Two upper-middle-class middle-aged women find that a journey through India turns their contentious relationship into something deeper and more rewarding in “A Perfect Ganesh,” directed by Michael Fontaine at Petaluma’s Cinnabar Theater through April 14.
Terence McNally’s AIDS-era story has huge potential to be both heart-rending and heart-warming, a potential that’s sadly under-exploited in this flat, lugubrious production. The two women, Margaret Civil (Laura Jorgensen), and Katharine Brynne (Elly Lichenstein), alter their usual holiday plans for an adventure in India, an undertaking that prompts anxiety in both of them, heightened by an opening-scene mishap with their airline tickets that threatens to make them miserable. Watching over them is Ganesha (Heren Patel), god of luck and opportunity, the travelers’ unseen companion. He appears at each critical moment in the story, guiding and helping but never intruding. The title refers to Katharine’s incessant search for a keepsake figurine, one of many behaviors that annoy Margaret.
Civil is cranky and demanding; Brynne forgetful, eagerly curious. They know each from their social circle in an uppercrust part of Connecticut, not really close when first introduced to us, but reasonably comfortable with each other. Their constant bickering belies their friendship, whose evolution is the play’s dramatic arc. It’s an arc that goes far—the two become close after several revelations of private tragedies and sharings of personal truth—but not very high. The dramatic peaks and valleys that might have given this story emotional texture have mostly been leveled and filled. Both actresses are veterans of long experience, so this squashing of emotional dynamics can only be interpreted as a directorial decision.
…as arduous as a train ride through India.”
Heren Patel is competent as the elephant-headed god, with an amiable, sometimes comedic delivery. His movements are elegant and fluid but his elephant headpiece interferes with the clarity of his speech. It’s not clear if some of his funny bits are intentional, such as Ganesha’s appearance to the travelers in the form of a Japanese tourist with an almost Italian accent.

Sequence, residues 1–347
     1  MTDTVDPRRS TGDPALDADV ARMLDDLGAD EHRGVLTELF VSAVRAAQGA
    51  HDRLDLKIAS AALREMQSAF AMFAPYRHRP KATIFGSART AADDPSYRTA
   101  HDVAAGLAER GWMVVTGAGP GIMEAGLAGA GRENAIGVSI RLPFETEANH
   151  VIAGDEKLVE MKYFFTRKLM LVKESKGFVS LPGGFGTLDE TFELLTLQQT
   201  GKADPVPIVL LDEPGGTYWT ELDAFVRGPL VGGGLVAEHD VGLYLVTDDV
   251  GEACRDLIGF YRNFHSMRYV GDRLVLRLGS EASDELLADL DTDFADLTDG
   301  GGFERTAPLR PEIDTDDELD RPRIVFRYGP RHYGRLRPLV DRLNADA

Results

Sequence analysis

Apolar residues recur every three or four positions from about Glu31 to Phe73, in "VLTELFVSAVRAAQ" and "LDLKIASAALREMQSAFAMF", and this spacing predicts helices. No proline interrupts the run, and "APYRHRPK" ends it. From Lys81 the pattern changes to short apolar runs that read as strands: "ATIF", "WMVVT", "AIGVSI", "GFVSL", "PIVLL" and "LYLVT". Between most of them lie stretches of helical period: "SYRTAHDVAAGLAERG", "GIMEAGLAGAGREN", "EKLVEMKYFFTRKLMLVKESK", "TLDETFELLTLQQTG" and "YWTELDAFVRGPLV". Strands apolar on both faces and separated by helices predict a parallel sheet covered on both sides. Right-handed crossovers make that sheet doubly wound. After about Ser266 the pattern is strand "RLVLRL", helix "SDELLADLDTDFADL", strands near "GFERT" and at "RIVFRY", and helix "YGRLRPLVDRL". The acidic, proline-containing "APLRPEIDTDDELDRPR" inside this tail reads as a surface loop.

The show’s saving grace is John Browning, who confidently plays all the male characters referred to by Margaret and Katharine—suitor, husband, son, and more. He also appears as many incidental characters—ticket agent, porter, guide—completely changing character with only slight changes in costume.
The music by Christopher and Marni Ris is compelling, but the stagecraft is slow and noisy as large pieces get shoved about and huge curtains pulled back and forth. The playbill lists running time at two and a quarter hours, but on opening weekend it was closer to three, or seemed like it. Like any foreign journey, “A Perfect Ganesh” offers experiences and insights available no other way, but getting to them is likely to feel as arduous as a train ride through India.
|Production||A Perfect Ganesh|
|Written by||Terrence McNally|
|Directed by||Michael Fontaine|
|Producing Company||Cinnabar Theater|
|Production Dates||Through April 14th|
|Production Address||3333 Petaluma Blvd North
Petaluma, CA 94952
|Tickets||$28 – $30|
|Reviewer Score||Max in each category is 5/5|
|Aisle Seat Review PICK?||-----|